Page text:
I’m working with a really messy dataset. My dependent variables consist of Likert-scale responses that are judging a person’s speech (how annoying it sounds, how intelligent it sounds, etc). My independent variables mostly consist of the demographic/social data of the participants.

It has been suggested that a lot of the Likert-scale options that the participants responded to might be measuring a smaller set of latent variables. It’s been suggested that I use factor analysis to find these latent variables and thus reduce the number of dependent variables. My question is how to do this. I’ve been coached through the basics of FA using R, and I have the factor loadings for the different items. But I don’t know where to go from here.

For instance, my analysis seems to indicate that annoying, rude, being a know-it-all, and being unfriendly all load onto the same factor. This seems to make sense, thematically. But if I want to regress my (many) independent variables into this, how do I go about reducing the data set? Is there a way to combine those four dependent variables into a single dependent variable? Is there another way of reducing the dataset?

Am I totally off base here? I don’t want to continue with my analysis if this is a totally illogical way to go about handling this data. Apologies for how “layman" this is. My experience with stats is limited, but I’m trying to get my hands dirty.

  • $\begingroup$ If you have a bunch of Likert-scale responses which more or less give the same info, it's probably best to do a sequential test to see which (either 1 or more) are significant. Eg. suppose you have variables x1, x2, ... ,xN. You can test if xN is significant given x1, x2...,x(N-1) are in the model. If it's not (so a high p-value in R) remove it from the model. Do the same for x(N-1). Repeat this until you test a variable against a model with all of the remainders, and it still comes up significant. I think you should be very careful if you go about combining them into a single variable though. $\endgroup$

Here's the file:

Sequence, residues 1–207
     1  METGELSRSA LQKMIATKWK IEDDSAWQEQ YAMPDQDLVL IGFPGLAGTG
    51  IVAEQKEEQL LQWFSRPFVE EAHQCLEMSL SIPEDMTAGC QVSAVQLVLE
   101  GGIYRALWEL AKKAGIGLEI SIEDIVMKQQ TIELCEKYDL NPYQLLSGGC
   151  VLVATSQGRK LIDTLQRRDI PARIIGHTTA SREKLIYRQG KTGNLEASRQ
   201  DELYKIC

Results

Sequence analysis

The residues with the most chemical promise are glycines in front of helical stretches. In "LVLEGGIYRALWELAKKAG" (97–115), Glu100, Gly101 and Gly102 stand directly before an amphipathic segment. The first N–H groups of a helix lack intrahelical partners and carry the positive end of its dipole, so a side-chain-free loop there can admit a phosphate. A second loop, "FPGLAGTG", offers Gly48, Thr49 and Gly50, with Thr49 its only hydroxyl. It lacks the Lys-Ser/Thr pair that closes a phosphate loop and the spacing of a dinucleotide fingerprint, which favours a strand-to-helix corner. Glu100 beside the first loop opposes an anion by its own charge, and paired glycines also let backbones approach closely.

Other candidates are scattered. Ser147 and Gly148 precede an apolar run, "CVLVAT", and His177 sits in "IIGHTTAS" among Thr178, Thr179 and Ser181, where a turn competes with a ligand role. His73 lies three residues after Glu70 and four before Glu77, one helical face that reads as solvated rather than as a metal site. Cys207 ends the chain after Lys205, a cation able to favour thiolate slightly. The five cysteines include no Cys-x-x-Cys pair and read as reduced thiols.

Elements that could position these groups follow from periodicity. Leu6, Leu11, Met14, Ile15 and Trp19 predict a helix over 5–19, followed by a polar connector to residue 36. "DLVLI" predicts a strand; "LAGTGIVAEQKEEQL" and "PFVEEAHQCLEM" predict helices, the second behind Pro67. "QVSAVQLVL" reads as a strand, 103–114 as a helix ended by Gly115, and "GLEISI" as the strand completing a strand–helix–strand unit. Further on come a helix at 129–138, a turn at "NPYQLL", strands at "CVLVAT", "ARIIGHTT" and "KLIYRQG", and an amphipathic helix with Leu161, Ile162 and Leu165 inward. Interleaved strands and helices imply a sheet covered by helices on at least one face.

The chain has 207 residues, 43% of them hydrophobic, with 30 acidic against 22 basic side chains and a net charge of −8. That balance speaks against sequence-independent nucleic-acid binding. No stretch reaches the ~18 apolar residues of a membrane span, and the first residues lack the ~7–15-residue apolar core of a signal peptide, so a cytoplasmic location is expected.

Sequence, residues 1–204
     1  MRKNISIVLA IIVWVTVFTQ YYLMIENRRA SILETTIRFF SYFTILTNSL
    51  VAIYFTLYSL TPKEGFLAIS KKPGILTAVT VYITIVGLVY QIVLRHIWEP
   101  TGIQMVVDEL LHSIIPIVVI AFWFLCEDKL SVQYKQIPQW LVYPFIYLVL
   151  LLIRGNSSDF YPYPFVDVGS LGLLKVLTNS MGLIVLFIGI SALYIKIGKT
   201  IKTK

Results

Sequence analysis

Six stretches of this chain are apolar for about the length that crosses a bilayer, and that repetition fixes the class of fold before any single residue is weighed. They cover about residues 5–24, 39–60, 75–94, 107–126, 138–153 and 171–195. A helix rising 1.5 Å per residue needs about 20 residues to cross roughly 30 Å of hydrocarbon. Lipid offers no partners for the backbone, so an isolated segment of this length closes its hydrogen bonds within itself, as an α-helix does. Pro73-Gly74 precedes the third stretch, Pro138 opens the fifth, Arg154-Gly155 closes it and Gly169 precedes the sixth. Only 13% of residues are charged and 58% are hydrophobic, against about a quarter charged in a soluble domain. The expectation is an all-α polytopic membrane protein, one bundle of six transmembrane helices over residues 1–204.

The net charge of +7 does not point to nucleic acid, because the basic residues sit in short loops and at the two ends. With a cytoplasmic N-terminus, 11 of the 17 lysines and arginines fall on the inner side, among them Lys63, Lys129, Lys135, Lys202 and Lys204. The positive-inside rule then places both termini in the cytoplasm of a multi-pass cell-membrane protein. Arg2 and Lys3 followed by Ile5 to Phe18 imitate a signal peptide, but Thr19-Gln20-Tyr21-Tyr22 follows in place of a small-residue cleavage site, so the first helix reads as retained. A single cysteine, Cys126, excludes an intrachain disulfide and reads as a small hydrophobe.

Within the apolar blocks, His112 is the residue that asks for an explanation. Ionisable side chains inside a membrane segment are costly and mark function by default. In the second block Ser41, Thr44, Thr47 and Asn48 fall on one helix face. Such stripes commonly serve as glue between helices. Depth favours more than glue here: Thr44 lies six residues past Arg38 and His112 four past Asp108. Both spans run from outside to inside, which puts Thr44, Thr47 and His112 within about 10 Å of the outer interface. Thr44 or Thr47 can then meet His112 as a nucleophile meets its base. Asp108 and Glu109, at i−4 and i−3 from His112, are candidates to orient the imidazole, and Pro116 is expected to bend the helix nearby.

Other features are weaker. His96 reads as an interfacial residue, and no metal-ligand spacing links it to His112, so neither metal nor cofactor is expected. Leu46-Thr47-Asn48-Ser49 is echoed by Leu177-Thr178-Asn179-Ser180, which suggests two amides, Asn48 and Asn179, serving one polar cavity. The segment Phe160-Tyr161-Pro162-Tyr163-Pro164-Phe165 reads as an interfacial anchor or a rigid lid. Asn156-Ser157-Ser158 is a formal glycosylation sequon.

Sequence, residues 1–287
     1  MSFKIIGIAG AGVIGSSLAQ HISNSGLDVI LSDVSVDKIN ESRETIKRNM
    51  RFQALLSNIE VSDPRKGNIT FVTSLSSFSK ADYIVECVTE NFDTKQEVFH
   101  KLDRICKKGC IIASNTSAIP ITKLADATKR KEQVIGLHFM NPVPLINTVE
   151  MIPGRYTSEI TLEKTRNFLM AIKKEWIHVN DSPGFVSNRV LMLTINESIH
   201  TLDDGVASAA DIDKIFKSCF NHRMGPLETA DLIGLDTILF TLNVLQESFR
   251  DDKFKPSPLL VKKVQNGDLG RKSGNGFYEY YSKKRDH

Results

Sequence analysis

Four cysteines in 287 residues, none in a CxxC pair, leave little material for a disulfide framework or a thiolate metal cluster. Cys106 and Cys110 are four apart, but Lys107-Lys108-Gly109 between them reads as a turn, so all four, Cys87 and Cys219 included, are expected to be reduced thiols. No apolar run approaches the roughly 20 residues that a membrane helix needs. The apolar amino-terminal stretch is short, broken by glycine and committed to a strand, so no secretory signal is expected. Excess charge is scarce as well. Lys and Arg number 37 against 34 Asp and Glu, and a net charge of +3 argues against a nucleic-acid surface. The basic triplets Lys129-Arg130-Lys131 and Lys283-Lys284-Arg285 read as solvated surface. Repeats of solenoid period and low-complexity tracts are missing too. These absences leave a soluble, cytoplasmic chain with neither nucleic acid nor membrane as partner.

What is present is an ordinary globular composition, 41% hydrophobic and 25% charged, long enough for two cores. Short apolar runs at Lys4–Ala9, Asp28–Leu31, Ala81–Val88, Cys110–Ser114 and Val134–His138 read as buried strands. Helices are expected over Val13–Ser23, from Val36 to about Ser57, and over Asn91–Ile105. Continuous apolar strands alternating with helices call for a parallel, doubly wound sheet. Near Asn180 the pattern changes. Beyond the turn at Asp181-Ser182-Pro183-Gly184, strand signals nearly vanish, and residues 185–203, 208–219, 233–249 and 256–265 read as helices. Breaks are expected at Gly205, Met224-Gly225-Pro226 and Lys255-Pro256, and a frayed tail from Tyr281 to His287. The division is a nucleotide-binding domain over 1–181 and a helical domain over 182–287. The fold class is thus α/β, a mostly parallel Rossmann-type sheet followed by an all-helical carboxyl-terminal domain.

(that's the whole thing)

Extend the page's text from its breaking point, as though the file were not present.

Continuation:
– Patty
    Commented Sep 21, 2016 at 21:18
  • $\begingroup$ Welcome to our site! I have added a couple of tags that seem to be relevant for you. I have also snipped out the bit about this being a layman question and moved it to the bottom - in search results it's only the first few sentences that show up, so to help future readers I thought it would be better for that to be about the substance of the question itself. Feel free to revert my edit if you prefer. $\endgroup$
    – Silverfish
    Commented Sep 21, 2016 at 22:27
  • $\begingroup$ (Surprisingly, I can only see one other thread which has both the [dimensionality-reduction] and [likert] tags, and that one currently doesn't have an answer. I had expected this to be a more common theme!) $\endgroup$
    – Silverfish
    Commented Sep 21, 2016 at 22:30
  • $\begingroup$ all load onto the same factor... But if I want to regress my (many) independent variables into this, how do I go about reducing the data set? You probably want to compute factor scores variable for that factor (which replaces the many variables) and use it as the DV in your regression. $\endgroup$
    – ttnphns
    Commented Sep 22, 2016 at 6:55
  • $\begingroup$ There is also a question why do you think you need FA at all? A regression can have multiple DVs and it can reduce dimensionality of the DVs. Such regression (supervised) dim. red. is called canonical correlation analysis (CCA). But because some of your IVs might be categorical you might want perhaps to consider Categorical CCA (see). $\endgroup$
    – ttnphns
    Commented Sep 22, 2016 at 7:00


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